By Kristi Casey Sanders

Jonathan Larson based the book of the musical Rent on Giacomo Puccini’s opera La Bohème. Larson changed the setting of the story from 1830s Paris to New York City’s Lower East Side in the 1990s, substituted AIDS for tuberculosis and introduced homosexual characters into Puccini’s love triangles, but many details from the opera remain intact.

Both stories begin on Christmas Eve with two artists: Marcello/Mark and Rodolpho/Roger burning their work to keep warm. In both, a downstairs neighbor, Mimi, comes looking for a light for her candle. The first words of her Bohème aria are the last words of her first Rent song: “They call me Mimi.”

The main cast of characters are the same: Colline/Collins, a philosopher; Schaunard/Angel Schaunard, a composer/musician; Musetta/Maureen (Marcello/Mark’s former girlfriend); and Benoit/Benny, a despicable landlord. The main difference is that in Rent, Angel is Collins’ love interest, and, instead of a wealthy new boyfriend, Musetta/Maureen has a new girlfriend, Joanne — a Harvard-educated lawyer.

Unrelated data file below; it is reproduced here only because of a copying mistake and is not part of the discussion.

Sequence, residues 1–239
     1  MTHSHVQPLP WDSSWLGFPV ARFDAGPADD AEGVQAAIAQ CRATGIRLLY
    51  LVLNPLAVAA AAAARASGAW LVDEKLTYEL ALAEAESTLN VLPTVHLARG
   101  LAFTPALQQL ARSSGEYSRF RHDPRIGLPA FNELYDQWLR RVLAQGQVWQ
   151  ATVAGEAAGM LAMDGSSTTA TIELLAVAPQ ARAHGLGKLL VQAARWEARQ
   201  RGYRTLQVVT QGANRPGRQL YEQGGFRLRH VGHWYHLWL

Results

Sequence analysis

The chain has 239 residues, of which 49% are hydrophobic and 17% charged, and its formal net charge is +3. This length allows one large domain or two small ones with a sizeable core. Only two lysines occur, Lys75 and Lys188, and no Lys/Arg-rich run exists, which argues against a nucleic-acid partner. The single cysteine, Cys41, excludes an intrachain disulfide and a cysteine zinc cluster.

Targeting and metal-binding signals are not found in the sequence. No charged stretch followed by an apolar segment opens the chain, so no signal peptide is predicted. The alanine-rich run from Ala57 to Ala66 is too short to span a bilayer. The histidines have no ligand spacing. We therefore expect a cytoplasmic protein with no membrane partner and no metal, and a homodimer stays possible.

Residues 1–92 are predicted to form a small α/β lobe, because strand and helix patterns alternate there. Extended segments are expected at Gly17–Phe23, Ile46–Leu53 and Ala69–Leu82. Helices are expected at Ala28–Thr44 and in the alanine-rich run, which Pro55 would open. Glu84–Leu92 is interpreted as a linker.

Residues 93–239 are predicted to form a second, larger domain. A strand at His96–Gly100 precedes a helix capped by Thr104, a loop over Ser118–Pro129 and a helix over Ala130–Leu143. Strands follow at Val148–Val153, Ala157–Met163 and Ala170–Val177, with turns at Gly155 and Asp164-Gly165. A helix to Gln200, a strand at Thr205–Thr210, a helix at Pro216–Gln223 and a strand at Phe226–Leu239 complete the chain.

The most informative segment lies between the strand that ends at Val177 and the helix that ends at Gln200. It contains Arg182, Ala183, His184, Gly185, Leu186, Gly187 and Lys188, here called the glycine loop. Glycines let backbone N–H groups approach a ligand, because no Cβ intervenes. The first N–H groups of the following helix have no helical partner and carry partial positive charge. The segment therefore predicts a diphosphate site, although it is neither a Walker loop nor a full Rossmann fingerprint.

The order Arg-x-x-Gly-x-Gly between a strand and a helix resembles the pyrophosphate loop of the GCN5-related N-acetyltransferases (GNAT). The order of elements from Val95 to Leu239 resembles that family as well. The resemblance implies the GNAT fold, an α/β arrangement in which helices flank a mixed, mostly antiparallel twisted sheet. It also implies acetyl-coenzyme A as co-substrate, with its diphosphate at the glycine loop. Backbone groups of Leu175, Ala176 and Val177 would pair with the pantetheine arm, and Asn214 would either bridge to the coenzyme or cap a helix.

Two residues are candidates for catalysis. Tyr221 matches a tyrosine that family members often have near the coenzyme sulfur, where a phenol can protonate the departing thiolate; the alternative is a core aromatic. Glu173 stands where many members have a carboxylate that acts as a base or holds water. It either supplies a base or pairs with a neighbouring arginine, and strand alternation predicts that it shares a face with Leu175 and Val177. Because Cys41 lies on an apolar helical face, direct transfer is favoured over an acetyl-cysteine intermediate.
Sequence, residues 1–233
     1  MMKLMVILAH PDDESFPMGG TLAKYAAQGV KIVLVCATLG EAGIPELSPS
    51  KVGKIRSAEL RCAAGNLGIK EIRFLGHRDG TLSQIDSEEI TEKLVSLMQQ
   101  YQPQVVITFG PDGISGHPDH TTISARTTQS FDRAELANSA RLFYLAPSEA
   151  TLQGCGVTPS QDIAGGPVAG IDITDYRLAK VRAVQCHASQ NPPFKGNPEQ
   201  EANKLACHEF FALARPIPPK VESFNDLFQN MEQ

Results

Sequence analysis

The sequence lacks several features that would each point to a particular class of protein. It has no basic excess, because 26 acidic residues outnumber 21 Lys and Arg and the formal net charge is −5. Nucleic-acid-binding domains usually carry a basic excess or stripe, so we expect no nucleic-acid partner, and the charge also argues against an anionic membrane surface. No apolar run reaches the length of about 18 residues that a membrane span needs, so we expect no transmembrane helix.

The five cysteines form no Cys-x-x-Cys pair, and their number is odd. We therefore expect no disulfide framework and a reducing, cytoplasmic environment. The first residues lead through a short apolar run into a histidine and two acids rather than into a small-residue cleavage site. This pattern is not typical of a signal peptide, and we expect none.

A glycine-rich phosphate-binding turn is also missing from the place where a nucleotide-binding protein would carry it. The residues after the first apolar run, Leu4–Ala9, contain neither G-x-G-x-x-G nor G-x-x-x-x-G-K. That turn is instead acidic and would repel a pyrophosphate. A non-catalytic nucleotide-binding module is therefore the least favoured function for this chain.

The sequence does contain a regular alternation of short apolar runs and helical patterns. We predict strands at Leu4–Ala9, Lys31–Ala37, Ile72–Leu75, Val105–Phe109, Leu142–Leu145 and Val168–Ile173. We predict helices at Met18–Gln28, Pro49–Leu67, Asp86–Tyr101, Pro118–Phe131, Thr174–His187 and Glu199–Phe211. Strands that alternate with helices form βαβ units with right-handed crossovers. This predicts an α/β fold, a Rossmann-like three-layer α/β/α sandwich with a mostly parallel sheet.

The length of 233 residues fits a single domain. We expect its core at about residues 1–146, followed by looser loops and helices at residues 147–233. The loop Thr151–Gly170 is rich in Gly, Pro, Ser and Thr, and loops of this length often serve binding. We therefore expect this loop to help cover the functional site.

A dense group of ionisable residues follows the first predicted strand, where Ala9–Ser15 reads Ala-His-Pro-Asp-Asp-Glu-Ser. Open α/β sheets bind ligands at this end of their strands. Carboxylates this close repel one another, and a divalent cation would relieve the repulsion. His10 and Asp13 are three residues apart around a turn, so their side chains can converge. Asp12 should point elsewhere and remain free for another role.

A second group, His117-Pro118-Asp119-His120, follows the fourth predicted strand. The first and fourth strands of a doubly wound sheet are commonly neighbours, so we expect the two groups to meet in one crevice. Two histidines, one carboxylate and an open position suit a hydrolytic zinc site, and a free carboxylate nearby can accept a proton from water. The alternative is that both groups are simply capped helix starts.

In both plays, however, artists have a hard time paying rent, musicians are hired to kill annoying pets, lovers are reluctant to fall in love, characters are fatally sick and barely rescued in the nick of time. Literary geeks (especially those familiar with Puccini’s source material, Henri Murger’s book Scènes de la vie bohème) will appreciate references to Collins’ coat and how “Musetta’s Waltz” underscores a crucial scene. Larson, however, injects a sense of hope into the end of Rent that is lacking in La Bohème, something everyone can appreciate.

Rent plays The Fabulous Fox Theatre April 25-27.